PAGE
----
5. What technical difficulties did you face when producing your games?
In The Genius Star, the goal is to fill a star-shaped playing board with 11 wooden shapes after seven triangular blockers have been positioned on the board. The locations of the blockers is determined by rolling seven dice. There are 165,888 different combinations that can be rolled, each of which produces a unique puzzle. I was determined that every single dice combination would produce a puzzle that had at least one correct solution, which proved to be far more challenging than I expected. It took me nearly three months to finally find a way to configure the dice to ensure a solution was always possible! After many unsuccessful attempts, I had a computer program written to check that every possibility was solvable. The computer took ten days to run through every puzzle. Thankfully, there were no mistakes.
6. Have you made any changes to your games based on user feedback?
The games have been out for a year, and we’ve received helpful feedback to incorporate into future editions. The biggest complaint we get is that The Genius Star is for two players; some people actually buy two games so four people can play at once. We limited it to two players because of the cost of manufacturing the game, which directly impacts the suggested retail price, but perhaps one day we’ll release a deluxe version for four players.
7. What’s the best way to market a game?
Packaging. In the games aisle, the box is the only thing that makes a game stand out. The graphics need to tell the whole story: Who is it aimed at? What type of experience will it provide? Is it super competitive? How many people can play? For how long? And most important, what are the benefits — bring people together? Teach a skill? Make people laugh? Keep the family entertained on Shabbos afternoon? Size is important, too; even without seeing the contents, people will often judge the value of a game by the size of the box.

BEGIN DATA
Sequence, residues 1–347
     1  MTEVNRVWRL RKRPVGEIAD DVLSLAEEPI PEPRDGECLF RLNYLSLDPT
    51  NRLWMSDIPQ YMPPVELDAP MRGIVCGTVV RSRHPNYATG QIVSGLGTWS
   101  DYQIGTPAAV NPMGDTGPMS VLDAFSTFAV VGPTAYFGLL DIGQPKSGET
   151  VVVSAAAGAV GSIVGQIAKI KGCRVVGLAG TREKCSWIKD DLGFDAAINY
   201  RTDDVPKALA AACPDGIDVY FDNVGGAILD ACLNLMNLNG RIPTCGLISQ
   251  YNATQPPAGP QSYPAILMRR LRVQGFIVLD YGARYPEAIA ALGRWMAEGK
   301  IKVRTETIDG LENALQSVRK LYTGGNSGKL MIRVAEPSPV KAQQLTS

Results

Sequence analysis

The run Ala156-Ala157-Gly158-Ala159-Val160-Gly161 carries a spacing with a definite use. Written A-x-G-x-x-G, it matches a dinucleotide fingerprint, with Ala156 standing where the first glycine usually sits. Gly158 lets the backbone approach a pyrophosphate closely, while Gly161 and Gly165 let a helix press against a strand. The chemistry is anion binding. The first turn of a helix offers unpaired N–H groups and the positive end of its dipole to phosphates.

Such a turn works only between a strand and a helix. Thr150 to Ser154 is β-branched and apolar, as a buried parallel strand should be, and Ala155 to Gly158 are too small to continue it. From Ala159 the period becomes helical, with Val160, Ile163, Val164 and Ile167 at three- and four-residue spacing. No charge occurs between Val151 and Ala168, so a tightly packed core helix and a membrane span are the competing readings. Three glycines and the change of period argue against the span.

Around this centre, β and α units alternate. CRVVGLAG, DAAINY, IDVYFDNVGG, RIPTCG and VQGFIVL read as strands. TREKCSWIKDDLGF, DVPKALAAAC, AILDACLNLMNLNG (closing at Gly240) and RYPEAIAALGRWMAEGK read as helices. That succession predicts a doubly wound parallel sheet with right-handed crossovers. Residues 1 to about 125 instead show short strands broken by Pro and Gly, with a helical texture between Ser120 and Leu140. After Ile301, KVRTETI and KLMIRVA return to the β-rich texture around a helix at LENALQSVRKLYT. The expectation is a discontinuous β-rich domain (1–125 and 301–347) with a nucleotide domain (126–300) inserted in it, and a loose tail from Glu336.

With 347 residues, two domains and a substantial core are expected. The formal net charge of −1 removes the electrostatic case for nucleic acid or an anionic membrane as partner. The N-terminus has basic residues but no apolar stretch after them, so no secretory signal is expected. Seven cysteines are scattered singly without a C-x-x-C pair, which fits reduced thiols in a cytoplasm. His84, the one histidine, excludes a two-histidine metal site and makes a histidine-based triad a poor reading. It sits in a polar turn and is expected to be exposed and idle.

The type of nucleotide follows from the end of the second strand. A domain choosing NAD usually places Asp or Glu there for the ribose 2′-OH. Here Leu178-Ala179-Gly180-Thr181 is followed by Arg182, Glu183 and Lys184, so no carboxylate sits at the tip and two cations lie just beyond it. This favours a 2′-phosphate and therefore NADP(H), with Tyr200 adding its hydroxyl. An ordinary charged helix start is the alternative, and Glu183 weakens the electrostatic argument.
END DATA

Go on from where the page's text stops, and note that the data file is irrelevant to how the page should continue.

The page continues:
8. What was your favorite board game growing up?
It’s tempting to reel off a list of dozens of games I loved playing as a child, but if I have to pick just one, Risk.
9. Which is your favorite of the board games you invented?
Although The Genius Star sells the most, I am actually most proud of Bee Genius, the only hands-on logic game of its kind that is genuinely playable by toddlers as young as three. Bee Genius is deliberately a single-player game, enabling children to develop skills at their own pace. It has a theme and a little backstory: helping the queen bee organize her worker bees to build the honeycomb — fill the board — using 11 wooden pieces. There are six dice and 46,656 different possible puzzles — and, of course, always at least one correct solution! There is nothing as satisfying as seeing children’s self-confidence grow as they successfully solve a puzzle.
10. What’s the most memorable feedback you’ve received?
My favorite was when someone sent me a photo of two elderly residents at a retirement home playing the game together, with a short message thanking me for creating a game that is not only fun but also helps keep them young and their brains active. The most amusing was when I was presenting The Genius Star to a potential customer at a trade fair. Without knowing that I was the game’s inventor, he said, “Wow, I would love to meet the geek with the brain that created this game.”
(Originally featured in Mishpacha, Issue 879)